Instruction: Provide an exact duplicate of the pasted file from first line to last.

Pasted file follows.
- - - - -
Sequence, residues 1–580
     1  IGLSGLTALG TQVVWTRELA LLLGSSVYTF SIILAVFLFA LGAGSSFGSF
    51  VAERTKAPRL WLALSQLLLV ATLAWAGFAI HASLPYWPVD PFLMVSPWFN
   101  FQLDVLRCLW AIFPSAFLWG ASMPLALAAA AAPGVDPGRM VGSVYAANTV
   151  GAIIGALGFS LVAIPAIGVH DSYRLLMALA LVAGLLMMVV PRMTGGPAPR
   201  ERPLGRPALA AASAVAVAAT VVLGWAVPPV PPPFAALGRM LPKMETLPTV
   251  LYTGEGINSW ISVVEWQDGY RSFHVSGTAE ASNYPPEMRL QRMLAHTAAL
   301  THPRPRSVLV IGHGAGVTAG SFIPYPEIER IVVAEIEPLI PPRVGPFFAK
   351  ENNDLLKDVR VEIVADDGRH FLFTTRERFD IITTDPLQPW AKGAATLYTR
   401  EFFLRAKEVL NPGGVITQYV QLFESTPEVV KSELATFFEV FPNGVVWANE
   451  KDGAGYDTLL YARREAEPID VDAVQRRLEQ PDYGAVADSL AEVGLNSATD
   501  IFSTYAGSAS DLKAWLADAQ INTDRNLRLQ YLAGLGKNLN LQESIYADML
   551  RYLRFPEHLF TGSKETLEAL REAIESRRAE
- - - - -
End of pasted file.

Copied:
Sequence, residues 1–580
     1  IGLSGLTALG TQVVWTRELA LLLGSSVYTF SIILAVFLFA LGAGSSFGSF
    51  VAERTKAPRL WLALSQLLLV ATLAWAGFAI HASLPYWPVD PFLMVSPWFN
   101  FQLDVLRCLW AIFPSAFLWG ASMPLALAAA AAPGVDPGRM VGSVYAANTV
   151  GAIIGALGFS LVAIPAIGVH DSYRLLMALA LVAGLLMMVV PRMTGGPAPR
   201  ERPLGRPALA AASAVAVAAT VVLGWAVPPV PPPFAALGRM LPKMETLPTV
   251  LYTGEGINSW ISVVEWQDGY RSFHVSGTAE ASNYPPEMRL QRMLAHTAAL
   301  THPRPRSVLV IGHGAGVTAG SFIPYPEIER IVVAEIEPLI PPRVGPFFAK
   351  ENNDLLKDVR VEIVADDGRH FLFTTRERFD IITTDPLQPW AKGAATLYTR
   401  EFFLRAKEVL NPGGVITQYV QLFESTPEVV KSELATFFEV FPNGVVWANE
   451  KDGAGYDTLL YARREAEPID VDAVQRRLEQ PDYGAVADSL AEVGLNSATD
   501  IFSTYAGSAS DLKAWLADAQ INTDRNLRLQ YLAGLGKNLN LQESIYADML
   551  RYLRFPEHLF TGSKETLEAL REAIESRRAE